string str = @"INSERT CRLF SELECT 'fox 
    jumped'"
  • 12
    In other words, the syntax of the SQL language simply allows raw line feeds in strings literals. It works this way in all engines I've tried (SQL Server, Oracle, MySQL, PostgreSQL and SQLite). – Álvaro González Feb 13 '14 at 15:32
  • 3
    This clearly seems like the best answer to me. – Matt Ruwe Nov 17 '16 at 16:32

Following a Google...

Taking the code from the website:

CREATE TABLE CRLF
    (
        col1 VARCHAR(1000)
    )

INSERT CRLF SELECT 'The quick brown@'
INSERT CRLF SELECT 'fox @jumped'
INSERT CRLF SELECT '@over the '
INSERT CRLF SELECT 'log@'

SELECT col1 FROM CRLF

Returns:

col1
-----------------
The quick brown@
fox @jumped
@over the
log@

(4 row(s) affected)


UPDATE CRLF
SET col1 = REPLACE(col1, '@', CHAR(13))

Looks like it can be done by replacing a placeholder with CHAR(13)

Good question, never done it myself :)

  • 3
    But if the text has an email address in it? "jon@bob.com" becomes "jon bob.com" (with a newline in the e-dress) – intrepidis Jan 16 '15 at 15:52
  • 3
    @ChrisNash then use a different placeholder (e.g. "|", "~", or multiple characters, "!#!"). See this answer below: stackoverflow.com/a/31179/179311. – bradlis7 Mar 25 '15 at 19:29
  • 1
    "CONCAT (CHAR(13) , CHAR(10))" ("\r\n") would be better for windows environment, which I assume is the case (SQL Server) cs.toronto.edu/~krueger/csc209h/tut/line-endings.html – d.popov Mar 29 '16 at 7:39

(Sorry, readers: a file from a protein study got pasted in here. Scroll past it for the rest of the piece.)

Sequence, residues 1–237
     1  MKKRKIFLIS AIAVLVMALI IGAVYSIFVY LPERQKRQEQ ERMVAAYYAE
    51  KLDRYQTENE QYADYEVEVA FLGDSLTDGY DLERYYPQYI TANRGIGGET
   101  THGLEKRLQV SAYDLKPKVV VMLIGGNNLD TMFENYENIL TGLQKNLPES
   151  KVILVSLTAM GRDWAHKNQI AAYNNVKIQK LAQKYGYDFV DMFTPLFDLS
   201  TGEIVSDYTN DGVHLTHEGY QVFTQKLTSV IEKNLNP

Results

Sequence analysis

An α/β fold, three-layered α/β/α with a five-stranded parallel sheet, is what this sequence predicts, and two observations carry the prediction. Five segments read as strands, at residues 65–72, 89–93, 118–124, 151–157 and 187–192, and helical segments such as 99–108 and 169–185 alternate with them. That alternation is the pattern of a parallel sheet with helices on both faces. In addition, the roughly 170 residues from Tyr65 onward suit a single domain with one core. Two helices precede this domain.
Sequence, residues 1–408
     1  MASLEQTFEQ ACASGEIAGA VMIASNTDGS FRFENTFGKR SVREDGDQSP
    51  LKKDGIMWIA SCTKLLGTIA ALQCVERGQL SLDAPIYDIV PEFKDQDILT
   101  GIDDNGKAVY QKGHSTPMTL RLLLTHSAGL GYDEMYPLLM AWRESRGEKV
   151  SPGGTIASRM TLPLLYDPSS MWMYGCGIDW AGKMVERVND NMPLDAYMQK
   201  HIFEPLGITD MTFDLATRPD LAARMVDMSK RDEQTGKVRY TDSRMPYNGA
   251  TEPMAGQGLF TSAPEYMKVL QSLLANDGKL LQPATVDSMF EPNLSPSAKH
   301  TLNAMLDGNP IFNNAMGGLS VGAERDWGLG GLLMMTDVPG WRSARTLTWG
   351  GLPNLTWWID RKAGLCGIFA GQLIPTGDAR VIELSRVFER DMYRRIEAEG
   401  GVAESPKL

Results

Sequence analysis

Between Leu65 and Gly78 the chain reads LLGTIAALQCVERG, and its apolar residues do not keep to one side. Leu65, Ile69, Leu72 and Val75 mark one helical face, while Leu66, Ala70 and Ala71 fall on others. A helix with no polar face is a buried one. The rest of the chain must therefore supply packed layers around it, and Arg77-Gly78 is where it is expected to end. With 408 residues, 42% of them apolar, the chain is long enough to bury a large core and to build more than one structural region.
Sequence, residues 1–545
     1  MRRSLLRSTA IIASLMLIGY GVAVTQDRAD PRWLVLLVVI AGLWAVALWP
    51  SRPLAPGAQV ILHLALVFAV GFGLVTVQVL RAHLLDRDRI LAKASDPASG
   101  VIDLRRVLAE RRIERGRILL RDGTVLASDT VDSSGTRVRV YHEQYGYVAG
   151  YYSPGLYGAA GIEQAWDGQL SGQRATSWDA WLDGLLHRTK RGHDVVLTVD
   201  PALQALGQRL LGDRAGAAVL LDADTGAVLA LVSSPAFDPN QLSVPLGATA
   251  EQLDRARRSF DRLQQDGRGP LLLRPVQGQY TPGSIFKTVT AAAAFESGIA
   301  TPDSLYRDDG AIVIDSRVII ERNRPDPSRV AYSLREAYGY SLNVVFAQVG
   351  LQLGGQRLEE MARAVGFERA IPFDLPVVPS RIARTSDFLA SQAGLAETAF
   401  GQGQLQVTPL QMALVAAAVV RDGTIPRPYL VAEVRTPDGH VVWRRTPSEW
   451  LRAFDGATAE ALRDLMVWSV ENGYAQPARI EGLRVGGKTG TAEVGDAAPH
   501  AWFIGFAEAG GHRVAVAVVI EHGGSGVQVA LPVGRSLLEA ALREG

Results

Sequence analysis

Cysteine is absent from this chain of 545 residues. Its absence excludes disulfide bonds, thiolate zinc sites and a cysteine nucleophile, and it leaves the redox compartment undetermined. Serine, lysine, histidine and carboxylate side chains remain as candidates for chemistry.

• 1
    char(13)+char(10) gives me double linebreak ... – Ben Aug 13 '17 at 3:29

Run this in SSMS, it shows how line breaks in the SQL itself become part of string values that span lines :

PRINT 'Line 1
Line 2
Line 3'
PRINT ''

PRINT 'How long is a blank line feed?'
PRINT LEN('
')
PRINT ''

PRINT 'What are the ASCII values?'
PRINT ASCII(SUBSTRING('
',1,1))
PRINT ASCII(SUBSTRING('
',2,1))

Result :
Line 1
Line 2
Line 3

How long is a blank line feed?
2

What are the ASCII values?
13
10

Or if you'd rather specify your string on one line (almost!) you could employ REPLACE() like this (optionally use CHAR(13)+CHAR(10) as the replacement) :

PRINT REPLACE('Line 1`Line 2`Line 3','`','
')

I got here because I was concerned that cr-lfs that I specified in C# strings were not being shown in SQl Server Management Studio query responses.

It turns out, they are there, but are not being displayed.

To "see" the cr-lfs, use the print statement like:

declare @tmp varchar(500)    
select @tmp = msgbody from emailssentlog where id=6769;
print @tmp

Here's a C# function that prepends a text line to an existing text blob, delimited by CRLFs, and returns a T-SQL expression suitable for INSERT or UPDATE operations. It's got some of our proprietary error handling in it, but once you rip that out, it may be helpful -- I hope so.

/// <summary>
/// Generate a SQL string value expression suitable for INSERT/UPDATE operations that prepends